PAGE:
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Furthermore, Headlee believes that "our world has become so fractured by politics and distracted by technology that having a meaningful conversation can become a challenge." Too often we become irritated when others express contrary opinions. Civility, respect, and tact may go out the window when people get on their soapboxes. In "We Need to Talk," the author offers excellent strategies for improving the quality of our verbal interactions. She touches on such techniques as avoiding distractions; empathizing; acknowledging that we all have biases; disagreeing without becoming disagreeable; getting to the point rather than going off on long-winded tangents; staying in the moment; postponing a conversation gracefully when you are exhausted or out of sorts; admitting that you are wrong and that you don't know all the answers; and listening with an open mind.
This book, based on a well-received TED talk, is breezy, intimate, honest (the author admits her mistakes and tells us what she learned from them), and includes relevant and lively anecdotes that nicely illustrate Headlee's points. Alas, nothing will bring back the lost art of letter-writing--and what a shame that is--but perhaps this well-written and entertaining book will help restore civil dialogue which, these days, appears to be on the brink of extinction. Let's put away our electronic devices and, as Headlee advises, "go talk to someone. Better yet, go listen to someone. People will surprise you."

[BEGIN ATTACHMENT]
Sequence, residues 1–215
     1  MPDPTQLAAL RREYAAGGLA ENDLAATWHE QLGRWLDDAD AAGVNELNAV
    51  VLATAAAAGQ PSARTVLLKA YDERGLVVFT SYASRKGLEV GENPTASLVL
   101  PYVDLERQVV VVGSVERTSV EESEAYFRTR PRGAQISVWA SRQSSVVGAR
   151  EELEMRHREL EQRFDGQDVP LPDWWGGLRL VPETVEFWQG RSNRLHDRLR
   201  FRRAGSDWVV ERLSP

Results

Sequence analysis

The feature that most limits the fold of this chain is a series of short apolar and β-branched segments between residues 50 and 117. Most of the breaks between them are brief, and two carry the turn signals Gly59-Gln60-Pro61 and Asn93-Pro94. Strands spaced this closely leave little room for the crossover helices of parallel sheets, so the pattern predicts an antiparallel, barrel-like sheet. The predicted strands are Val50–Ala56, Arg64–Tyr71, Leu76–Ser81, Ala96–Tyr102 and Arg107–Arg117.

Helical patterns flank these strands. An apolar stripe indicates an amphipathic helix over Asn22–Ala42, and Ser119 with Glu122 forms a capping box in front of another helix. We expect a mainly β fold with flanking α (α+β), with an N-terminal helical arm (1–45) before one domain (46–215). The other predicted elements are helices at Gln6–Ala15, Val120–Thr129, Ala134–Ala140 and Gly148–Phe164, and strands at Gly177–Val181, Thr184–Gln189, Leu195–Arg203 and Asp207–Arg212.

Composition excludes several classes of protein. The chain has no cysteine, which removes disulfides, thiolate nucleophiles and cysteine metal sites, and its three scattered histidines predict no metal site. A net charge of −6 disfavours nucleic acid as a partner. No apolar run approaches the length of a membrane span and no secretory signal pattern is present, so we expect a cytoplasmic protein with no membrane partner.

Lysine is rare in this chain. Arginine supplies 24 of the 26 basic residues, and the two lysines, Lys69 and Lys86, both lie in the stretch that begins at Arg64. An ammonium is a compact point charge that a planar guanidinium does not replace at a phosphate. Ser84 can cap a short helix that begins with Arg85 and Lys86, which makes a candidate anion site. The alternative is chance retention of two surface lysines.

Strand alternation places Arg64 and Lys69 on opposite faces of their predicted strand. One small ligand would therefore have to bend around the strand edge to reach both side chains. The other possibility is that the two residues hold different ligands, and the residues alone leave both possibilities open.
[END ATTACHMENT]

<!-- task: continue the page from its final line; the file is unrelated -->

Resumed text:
I was pleasantly surprised how good her advice is. Here are the chapters:
Conversation is a Survival Skill
Communication and Conversation Are Not the Same
You Can't Outsmart A Bad Conversation
Set the Stage
Some Conversations Are Harder Than Others
Be There Or Go Elsewhere
It's Not the Same
Get Off The Soapbox
Keep It Short
That's A Great Question
You Can't Know Everything
Stay Out of the Weeds
Sometimes We Shouldn't Talk
The introduction establishes her bona vides in a variety of situations as an expert (as close as one can be) on communication. At the close of it, she clarifies her goal: ""We must learn how to talk to one another and, more important, listen to one another. We must learn to talk to people we disagree with, because you can't unfriend everyone in real life. ...What bothers me is that we don't talk to each other but at each other, and we usually don't. listen." She hopes to make an improvement in that.
This is an easy to read book with a lot of real world examples (not mainly of conversations). I wouldn't have expected a book like this--advice and opinion--to be footnoted, but it is, because of the many examples. She's done a TED talk you could watch online if curious.
She gets to Chapter 4 to make the point that "Maybe I didn't know as much about making conversation as I thought I did", dismissing some of the traditional "tips" (eye contact and so on) along the way. One of her main points seems obvious but is easy to overlook: "People get upset when their expectations aren't met". She has a lot of advice for conversations, as you'd expect, "respect" being a big part of all of it. The second half of the book goes into specific strategies--ones we've all thought of "mindfulness", "keeping it short" and so on--but they're easy to hear and then forget about. Her book has value in laying them out and taking one per chapter to focus attention and thought on looking at ourselves and how we could improve in conversation.